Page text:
It’s no surprise that the art of print journalism is dying. With technology being as advanced as it is now, newspapers and magazines are trying to keep up with the multitude of digital sources out there. Sports Illustrated magazine is the latest victim of this journalism epidemic. The magazine has seen an extreme decline in readers/subscribers, within the past year especially, causing higher ups in the company to make a serious amount of layoffs.
Sports Illustrated themselves declined to give a comment to any news source about how many layoffs would be occurring, however, according to the Wall Street Journal, the magazine is laying off 25% of its staff, which would total around 40 individuals out of 160 employee’s. The move came shortly after TheMaven Inc. licensed the rights to all Sports Illustrated digital and print publications. The layoffs are a part of a larger plan to get the magazine back on the right track and avoid the quickly dying field of print media. Another part of the plan includes TheMaven hiring 200 contract writers to cover current sports events and news, also according to the Wall Street Journal.
Meredith Corporation owned the rights to the magazine before hand and recently sold it to Maven in June, telling its employees that with this transition would come layoffs, and they didn’t disappoint on their promise. Writing employee’s were nervous walking into the office this Thursday as a meeting with the new editors in chief was supposed to take place to inform employees who still has a job and who doesn’t, however, that meeting was delayed until the late evening. Writers weren’t the only group that should’ve been nervous though, as they soon learned Maven was replacing Christian Stone, the editor and chief of seven long years, with Steve Cannella and Ryan Hunt from Maven Inc.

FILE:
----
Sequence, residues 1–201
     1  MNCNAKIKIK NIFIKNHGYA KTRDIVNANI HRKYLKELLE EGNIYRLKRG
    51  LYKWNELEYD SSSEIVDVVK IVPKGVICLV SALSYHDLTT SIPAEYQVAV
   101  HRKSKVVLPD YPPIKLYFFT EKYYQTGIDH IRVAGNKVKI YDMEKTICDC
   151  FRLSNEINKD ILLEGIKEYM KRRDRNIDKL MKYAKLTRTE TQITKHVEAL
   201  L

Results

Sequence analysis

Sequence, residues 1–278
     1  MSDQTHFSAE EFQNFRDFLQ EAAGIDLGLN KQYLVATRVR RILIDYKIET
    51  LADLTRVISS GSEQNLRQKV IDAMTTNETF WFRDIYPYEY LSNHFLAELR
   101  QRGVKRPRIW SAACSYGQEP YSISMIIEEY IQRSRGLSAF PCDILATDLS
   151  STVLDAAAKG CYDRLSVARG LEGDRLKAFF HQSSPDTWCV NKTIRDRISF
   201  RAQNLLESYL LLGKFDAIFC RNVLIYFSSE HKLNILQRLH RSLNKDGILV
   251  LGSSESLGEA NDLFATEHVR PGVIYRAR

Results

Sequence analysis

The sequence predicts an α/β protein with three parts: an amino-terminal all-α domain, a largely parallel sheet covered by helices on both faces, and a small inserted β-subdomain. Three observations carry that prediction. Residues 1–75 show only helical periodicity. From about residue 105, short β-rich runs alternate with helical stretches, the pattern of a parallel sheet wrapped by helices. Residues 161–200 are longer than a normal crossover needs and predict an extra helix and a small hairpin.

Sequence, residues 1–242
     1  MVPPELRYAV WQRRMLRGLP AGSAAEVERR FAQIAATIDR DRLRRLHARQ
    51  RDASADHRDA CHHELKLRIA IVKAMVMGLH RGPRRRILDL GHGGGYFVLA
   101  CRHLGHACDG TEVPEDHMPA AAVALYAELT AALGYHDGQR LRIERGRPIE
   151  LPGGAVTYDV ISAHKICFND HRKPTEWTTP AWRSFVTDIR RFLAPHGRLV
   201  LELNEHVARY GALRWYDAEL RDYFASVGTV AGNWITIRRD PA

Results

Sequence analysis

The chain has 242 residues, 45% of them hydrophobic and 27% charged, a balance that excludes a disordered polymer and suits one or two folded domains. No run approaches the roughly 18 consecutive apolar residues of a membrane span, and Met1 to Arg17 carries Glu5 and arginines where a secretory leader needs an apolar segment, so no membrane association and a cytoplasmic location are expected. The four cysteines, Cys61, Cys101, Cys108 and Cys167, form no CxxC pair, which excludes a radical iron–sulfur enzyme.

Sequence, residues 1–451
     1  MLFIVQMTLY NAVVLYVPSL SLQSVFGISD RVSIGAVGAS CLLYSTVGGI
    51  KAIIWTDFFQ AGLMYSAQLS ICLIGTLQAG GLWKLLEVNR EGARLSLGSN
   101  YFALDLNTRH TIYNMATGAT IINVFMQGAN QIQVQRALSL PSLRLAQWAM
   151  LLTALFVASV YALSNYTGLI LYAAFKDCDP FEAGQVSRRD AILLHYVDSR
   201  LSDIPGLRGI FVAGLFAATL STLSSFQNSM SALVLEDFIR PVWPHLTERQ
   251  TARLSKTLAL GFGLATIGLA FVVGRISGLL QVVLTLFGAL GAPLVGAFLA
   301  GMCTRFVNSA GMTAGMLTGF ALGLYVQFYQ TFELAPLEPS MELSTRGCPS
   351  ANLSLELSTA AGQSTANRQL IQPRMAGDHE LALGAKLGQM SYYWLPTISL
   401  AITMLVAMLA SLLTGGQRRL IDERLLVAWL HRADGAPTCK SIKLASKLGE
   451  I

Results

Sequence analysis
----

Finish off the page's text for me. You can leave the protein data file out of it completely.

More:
This major transition sparked a lot of outrage within the Sports Illustrated employee’s. Long time writers and higher ups were being fired after years of service and dedication only to be replaced by less experienced individuals just because it’s cheaper, unfortunately not uncommon in the sphere or corporate America work. In response, many Sports Illustrated employees wrote, signed, and sent a petition to Meredith Inc. According to the Wall Street Journal, the petition called on the companies to “drop TheMaven and save Sports Illustrated.”
“TheMaven wants to replace top journalists in the industry with a network of Maven freelancers and bloggers, while reducing or eliminating departments that have ensured that the stories we publish and produce meet the highest standards,” the petition said.
Unfortunately this isn’t an uncommon issue, and Sports Illustrated has already seen major cutbacks made before, the economy for writers is just not what it used to be. With the current war on journalism and “fake news” epidemic, more and more individuals are choosing to turn to social media platforms for their news source. No one goes out and buys a physical magazine or newspaper when they can have the same article on their phones within seconds if they wanted and while companies like Sports Illustrated have completely digitized, there’s still a major struggle to get actual clicks. The clicks that articles get gives them views which increases advertising and pays for the publications. Until there’s more of a boom in the click business, major company changes such as the one Sports Illustrated as endure will continue.
Eric Mastrota is a Contributing Editor at The National Digest based in New York. A graduate of SUNY New Paltz, he reports on world news, culture, and lifestyle. You can reach him at firstname.lastname@example.org.